Theranos trial: Holmes ‘targeted rich families as backers’ over investment firms

DeVos family investor offers inside look at how Holmes pitched handful of world’s wealthiest people on her idea

Elizabeth Holmes, the founder of the blood testing start-up Theranos, and her husband, Billy Evans, depart a federal courthouse in California. Photograph: Mike Kai Chen/The New York Times

Elizabeth Holmes, the founder of the blood testing start-up Theranos, and her husband, Billy Evans, depart a federal courthouse in California. Photograph: Mike Kai Chen/The New York Times

 

Elizabeth Holmes targeted ultra-wealthy families as early backers of Theranos Inc to avoid the potential pressure from larger investment firms to go public, according to an investor at the DeVos family office who kicked in $100 million (€85.7m) for the blood-testing startup.

Lisa Peterson, who helped manage the DeVos family fortune at RDV Corp, testified at Ms Holmes’s criminal fraud trial Tuesday that the smooth-talking entrepreneur courted the family with voluminous investment binders, private conversations, a lengthy tour of the company in Palo Alto, California, and a personalised on-site blood test.

The DeVos family, whose patriarch was a billionaire industrialist, gave its support to Theranos in 2014, by which time Theranos was one of Silicon Valley’s hottest companies and Ms Holmes was gracing magazine covers.

“She was hand-picking five or six private families to invest in her firm,” Ms Peterson told jurors in federal court in San Jose, California. “She was inviting us to participate in this opportunity,” she said, adding that the company projected revenue for 2015 of almost $1 billion. “They wanted to get to know us as much as we wanted to do due diligence on them.”

The testimony offered an inside look at how Ms Holmes pitched a handful of the world’s wealthiest people on her idea. Other families include Rupert Murdoch, Riley P. Bechtel and Alice Walton, heiress to the Walmart Inc. fortune.

Skepticism

Ms Peterson also described how her skepticism about Ms Holmes evolved when Theranos was besieged by media and regulatory scrutiny in 2015 and 2016.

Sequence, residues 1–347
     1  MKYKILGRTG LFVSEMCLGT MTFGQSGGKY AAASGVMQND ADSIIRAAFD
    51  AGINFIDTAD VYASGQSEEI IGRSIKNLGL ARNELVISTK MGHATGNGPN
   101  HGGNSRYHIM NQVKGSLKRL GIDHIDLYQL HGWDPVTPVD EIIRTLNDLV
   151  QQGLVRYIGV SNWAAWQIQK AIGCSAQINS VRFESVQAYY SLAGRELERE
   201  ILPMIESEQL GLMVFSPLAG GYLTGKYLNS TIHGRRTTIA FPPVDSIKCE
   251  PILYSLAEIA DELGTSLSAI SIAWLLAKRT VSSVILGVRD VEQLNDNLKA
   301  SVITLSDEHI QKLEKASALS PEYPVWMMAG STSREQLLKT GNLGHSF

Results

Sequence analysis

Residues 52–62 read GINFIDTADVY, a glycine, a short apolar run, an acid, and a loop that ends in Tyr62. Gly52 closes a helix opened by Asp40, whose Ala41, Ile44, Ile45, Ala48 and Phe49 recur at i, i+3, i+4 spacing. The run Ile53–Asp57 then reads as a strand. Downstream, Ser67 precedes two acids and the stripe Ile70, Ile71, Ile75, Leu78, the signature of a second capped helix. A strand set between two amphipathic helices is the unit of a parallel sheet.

Jurors were shown two television clips, the first from CNBC’s Mad Money in which Ms Holmes reacts to the first Wall Street Journal report in 2015 that revealed inaccuracies in Theranos blood tests. A segment from NBC’s “Today’ show a year and a half later features Holmes responding to the unraveling of the startup triggered by the Journal’s reporting and regulatory scrutiny.

In Ms Holmes’s Today interview with Maria Shriver, jurors learned for the first time how high and fast the entrepreneur rose – and how hard she fell. They saw and heard Ms Holmes describe herself as “devastated” by regulatory violations that ultimately resulted in her being banned from running a laboratory company for two years and requiring Theranos to retract or correct the results of tens of thousands of medical tests.

Ms Peterson said she confronted Ms Holmes in an April 2016 conversation.

The Theranos founder said the most damaging reporting was being done by a reporter who wanted to win a Pulitzer prize, Ms Peterson said. “We asked, ‘Is it true or is it not true?’ and she downplayed it,” Ms Peterson said.

Under cross-examination Ms Peterson got into a testy exchange with Lance Wade, a lawyer representing Ms Holmes. The attorney pressed Ms Peterson on whether anyone got in the way of her due diligence on Theranos and impeded a “full and accurate understanding of how the company was operating at the time.”

MsPeterson allowed that MsHolmes held a strong sway and admitted to “fear” of missing out if she passed up a chance to invest in the startup. Probing too deeply into the company’s commercial partnership with Walgreens might mean “we wouldn’t be invited back to invest,” she said. But Ms Peterson also resisted Wade’s insinuation that she didn’t do her homework on Theranos.

“We got answers we were satisfied with that were different than what came out later,” she said. “We were relying on what we were told.”

Ms Holmes faces as long as 20 years in prison if convicted of charges that she deceived investors and patients. – Bloomberg